A few years back, Linux's creator, Linus Torvalds said, "If Microsoft ever does applications for Linux it means I've won." By that standard, Linux won last year when Microsoft started shipping a new version of Skype, its then recently acquired Voice-over-Internet Protocol (VoIP) program, on Linux. In late May 2013, Linux is still winning as Microsoft has released an updated version of Skype for Linux.
This latest edition consists primarily of bug-fixes. Microsoft/Skype software engineer, Marco Cimmino, wrote: "Not only did we conquer the navigation issues and bugs from previous releases, but we increased the stability when logging in from a Microsoft Account. There are also greater efficiencies, such as not having to re-type your password when entering via 'My Account' if you are already logged-in with the client. Voice messaging is optimized for ease of use and is now just one click away from the options window."
Installing Skype on Linux is very straight-forward. Microsoft provides detailed instructions for most popular Linux distributions including, CentOS, Debian, Fedora, openSUSE, and Ubuntu. Many Linux distributions are also now including Skype in their software stores.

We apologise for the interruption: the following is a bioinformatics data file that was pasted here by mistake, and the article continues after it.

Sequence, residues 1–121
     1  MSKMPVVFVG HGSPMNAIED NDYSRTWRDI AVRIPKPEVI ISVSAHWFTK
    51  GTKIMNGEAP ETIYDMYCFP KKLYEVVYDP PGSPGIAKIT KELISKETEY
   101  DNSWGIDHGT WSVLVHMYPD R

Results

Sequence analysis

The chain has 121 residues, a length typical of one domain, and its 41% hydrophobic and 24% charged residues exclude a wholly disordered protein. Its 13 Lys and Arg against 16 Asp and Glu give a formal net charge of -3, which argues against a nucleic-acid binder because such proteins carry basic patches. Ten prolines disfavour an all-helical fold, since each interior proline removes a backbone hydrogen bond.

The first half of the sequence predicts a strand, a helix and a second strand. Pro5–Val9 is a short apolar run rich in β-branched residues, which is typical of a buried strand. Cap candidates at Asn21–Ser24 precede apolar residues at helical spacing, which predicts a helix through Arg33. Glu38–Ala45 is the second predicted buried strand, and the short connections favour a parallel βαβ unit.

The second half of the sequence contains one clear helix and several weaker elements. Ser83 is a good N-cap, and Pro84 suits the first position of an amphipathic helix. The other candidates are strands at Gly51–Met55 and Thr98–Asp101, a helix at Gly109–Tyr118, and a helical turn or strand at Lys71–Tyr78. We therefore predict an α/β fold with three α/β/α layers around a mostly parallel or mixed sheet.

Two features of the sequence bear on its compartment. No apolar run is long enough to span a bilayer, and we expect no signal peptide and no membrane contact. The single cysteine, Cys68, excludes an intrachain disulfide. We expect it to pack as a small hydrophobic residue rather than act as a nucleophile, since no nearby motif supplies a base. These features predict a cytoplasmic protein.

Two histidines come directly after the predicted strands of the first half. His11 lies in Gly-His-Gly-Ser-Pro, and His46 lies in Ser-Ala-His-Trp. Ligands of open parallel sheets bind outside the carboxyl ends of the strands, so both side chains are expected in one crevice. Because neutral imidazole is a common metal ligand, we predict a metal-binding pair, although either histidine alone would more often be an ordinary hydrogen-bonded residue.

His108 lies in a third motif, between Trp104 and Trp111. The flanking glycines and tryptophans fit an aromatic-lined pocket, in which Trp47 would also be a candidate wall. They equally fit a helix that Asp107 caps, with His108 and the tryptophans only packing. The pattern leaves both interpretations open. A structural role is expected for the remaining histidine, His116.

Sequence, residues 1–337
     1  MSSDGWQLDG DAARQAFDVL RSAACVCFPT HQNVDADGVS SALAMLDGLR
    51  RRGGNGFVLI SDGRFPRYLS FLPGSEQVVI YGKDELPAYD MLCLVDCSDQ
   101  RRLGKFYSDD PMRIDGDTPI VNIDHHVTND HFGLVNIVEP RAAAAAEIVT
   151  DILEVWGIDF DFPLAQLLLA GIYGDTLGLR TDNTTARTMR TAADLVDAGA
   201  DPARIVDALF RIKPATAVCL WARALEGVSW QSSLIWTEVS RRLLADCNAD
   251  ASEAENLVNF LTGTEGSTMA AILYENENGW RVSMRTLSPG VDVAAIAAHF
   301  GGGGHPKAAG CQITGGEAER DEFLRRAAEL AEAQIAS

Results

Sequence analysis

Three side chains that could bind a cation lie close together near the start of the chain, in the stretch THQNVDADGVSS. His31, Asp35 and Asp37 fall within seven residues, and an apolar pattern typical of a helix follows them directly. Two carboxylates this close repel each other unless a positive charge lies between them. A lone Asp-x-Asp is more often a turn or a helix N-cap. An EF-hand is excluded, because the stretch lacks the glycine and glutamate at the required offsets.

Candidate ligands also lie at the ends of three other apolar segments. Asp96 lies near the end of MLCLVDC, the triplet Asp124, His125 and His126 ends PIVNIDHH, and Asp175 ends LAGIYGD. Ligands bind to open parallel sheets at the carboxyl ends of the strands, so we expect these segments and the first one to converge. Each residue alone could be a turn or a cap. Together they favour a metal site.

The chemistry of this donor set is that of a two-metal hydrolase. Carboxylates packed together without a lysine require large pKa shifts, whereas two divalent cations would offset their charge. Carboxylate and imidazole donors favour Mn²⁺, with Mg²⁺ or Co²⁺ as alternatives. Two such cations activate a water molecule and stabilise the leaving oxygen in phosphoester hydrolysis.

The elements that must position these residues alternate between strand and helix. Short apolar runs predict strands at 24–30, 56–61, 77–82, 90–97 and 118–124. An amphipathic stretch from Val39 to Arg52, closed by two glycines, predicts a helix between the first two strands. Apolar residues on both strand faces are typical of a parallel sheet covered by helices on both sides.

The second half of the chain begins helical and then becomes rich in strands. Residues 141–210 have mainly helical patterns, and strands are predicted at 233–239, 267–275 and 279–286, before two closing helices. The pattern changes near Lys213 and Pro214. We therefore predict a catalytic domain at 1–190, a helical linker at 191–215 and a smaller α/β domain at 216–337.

For example, I installed my copy and the 4.2 update, via Linux Mint 15's Software Manager. That said, 64-bit Debian, Ubuntu, and related distributions may need to install the libasound2-plugins:i386 package for audio support. In my case, I didn't need to install this.
Skype video-support, however, can be tricky. If you're finding you have trouble getting your Webcam to work with Skype, see this Linux Mint community posting, How to make Webcam compatible with Skype.
This version of Skype also doesn't have all the features of its Windows big brother. For example, Skype for Windows 8 now supports off-line video messaging. The Linux version has Skype's main functionality. It just doesn't have its bells and whistles.
Skype 4.2 itself—voice, video, and IM—is working well for me. While I'm much more of a Google Hangout user, especially since Google is integrating all its VoIP, video-conferencing, and instant-messaging features into Google Hangouts, That said, Skype has hundreds of millions of users. So, while Skype may not be your first choice for VoIP, it's handy to have it ready and on call for when friends or relatives want to ring you up with it.